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AIDS In Black America On National HIV Testing Day

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AIDS in America today is a black disease. Whether viewed through the lens of gender, sexual
orientation, age, socioeconomic status, education, or region of the country, black people bear the brunt of this epidemic. We are 13% of the population, but about half of the estimated 1.2 million Americans living with HIV/AIDS, nearly half of new HIV cases, and half of annual AIDS related deaths in this country are Black.

Nobody wants to talk about this. But the numbers are what the numbers are. We cannot end the
AIDS epidemic in America if we fail in Black America.

Despite all the advances in treatment, too many of us are being diagnosed too late in the course
of the disease. Fortunately, there is a solution: more HIV testing. More people learning their status is crucial to ending the HIV/AIDS epidemic in the United States, and to reducing the number of Black people dying from this disease. The bottom line is you can't get treated, if you don't know your status, and you can't know your status, if you don't get tested.

However, many people continue to live with doubt, choosing not to know for any number of reasons, including the stigma still associated with HIV. The effects of stigma are particularly difficult in the black community. Too often people are more afraid of the stigma than they are of the disease.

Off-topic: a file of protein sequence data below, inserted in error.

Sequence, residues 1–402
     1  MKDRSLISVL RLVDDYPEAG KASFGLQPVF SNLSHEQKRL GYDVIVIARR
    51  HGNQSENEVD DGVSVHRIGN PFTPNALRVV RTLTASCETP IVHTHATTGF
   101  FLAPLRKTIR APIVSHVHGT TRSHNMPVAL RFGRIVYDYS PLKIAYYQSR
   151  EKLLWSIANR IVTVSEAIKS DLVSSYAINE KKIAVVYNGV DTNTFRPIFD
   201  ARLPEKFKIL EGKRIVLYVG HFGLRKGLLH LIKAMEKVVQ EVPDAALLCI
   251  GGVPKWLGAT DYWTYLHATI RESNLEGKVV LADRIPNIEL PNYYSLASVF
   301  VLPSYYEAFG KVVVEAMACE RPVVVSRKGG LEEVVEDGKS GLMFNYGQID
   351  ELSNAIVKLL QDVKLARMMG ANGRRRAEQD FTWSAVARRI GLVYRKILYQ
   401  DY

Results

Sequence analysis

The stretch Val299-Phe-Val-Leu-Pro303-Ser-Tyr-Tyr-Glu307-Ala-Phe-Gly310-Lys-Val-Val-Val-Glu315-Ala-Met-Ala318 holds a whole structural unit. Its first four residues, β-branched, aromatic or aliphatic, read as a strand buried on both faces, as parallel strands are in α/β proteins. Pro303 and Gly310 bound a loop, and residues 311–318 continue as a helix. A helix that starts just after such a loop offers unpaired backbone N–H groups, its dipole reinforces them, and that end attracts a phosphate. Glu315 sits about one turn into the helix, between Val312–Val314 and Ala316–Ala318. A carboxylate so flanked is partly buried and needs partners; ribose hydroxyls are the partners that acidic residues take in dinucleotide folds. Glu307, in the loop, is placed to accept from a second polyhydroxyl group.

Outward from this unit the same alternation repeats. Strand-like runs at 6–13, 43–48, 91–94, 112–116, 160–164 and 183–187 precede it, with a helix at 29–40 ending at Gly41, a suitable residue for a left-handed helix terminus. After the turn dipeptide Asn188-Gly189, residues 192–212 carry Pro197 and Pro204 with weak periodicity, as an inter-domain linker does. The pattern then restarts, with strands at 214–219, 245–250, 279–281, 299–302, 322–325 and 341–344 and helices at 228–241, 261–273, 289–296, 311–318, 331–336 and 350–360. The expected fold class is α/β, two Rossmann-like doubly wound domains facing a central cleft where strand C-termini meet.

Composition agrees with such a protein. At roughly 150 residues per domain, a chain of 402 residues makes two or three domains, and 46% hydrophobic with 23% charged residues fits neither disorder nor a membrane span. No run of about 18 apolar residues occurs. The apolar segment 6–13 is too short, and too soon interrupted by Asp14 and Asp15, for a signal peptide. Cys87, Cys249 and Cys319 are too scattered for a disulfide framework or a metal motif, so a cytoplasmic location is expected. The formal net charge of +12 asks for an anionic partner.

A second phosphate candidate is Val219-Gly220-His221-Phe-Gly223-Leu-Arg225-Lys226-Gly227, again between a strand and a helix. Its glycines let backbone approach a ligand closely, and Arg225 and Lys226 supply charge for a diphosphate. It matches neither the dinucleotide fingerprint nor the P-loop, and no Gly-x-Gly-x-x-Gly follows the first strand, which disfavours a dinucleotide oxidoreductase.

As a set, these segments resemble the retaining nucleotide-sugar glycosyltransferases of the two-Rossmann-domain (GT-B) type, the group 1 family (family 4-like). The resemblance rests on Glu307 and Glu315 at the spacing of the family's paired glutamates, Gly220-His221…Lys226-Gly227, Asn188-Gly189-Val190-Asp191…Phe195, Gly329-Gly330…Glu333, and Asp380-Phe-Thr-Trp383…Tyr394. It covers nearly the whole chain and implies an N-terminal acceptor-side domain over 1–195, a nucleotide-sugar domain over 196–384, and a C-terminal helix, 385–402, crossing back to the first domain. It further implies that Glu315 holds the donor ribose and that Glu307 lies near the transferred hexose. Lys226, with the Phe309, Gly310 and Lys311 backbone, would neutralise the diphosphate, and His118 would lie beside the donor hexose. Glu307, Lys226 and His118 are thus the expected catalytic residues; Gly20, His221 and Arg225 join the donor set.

Across all demographic groups, an estimated 20% of people who are HIV positive do not know their status. These are people whose lives depend on being diagnosed and treated as soon as possible.

Fortunately, it has never been easier to or more important to know your HIV status. Free clinics
and other testing options available in professional healthcare settings and community settings
are tremendously important. But if we are committed to ending the AIDS epidemic, we need to
make sure people have as many options as possible.

The benefits of early diagnosis and treatment are so dramatic that we should make it as easy as
possible for people to know their status and get connected to appropriate care in whatever way
is most comfortable for them.

The FDA is considering approval of an over-the counter HIV test now, and its approval could
change the way we think about HIV. Anyone committed to public health should be advocating
for more HIV testing options. We need to do everything we can to get more people tested for
HIV.

Right now we are losing the fight against HIV in black and other communities in the United
States, but we don't have to. We need more tools to turn the tide. Greater access to care and
treatment, less stigma and new testing options could transform the HIV epidemic, and millions
of lives, forever. When future generations ask us, "What did you do when millions of people
were dying from AIDS?" I hope the answer isn't, "not enough."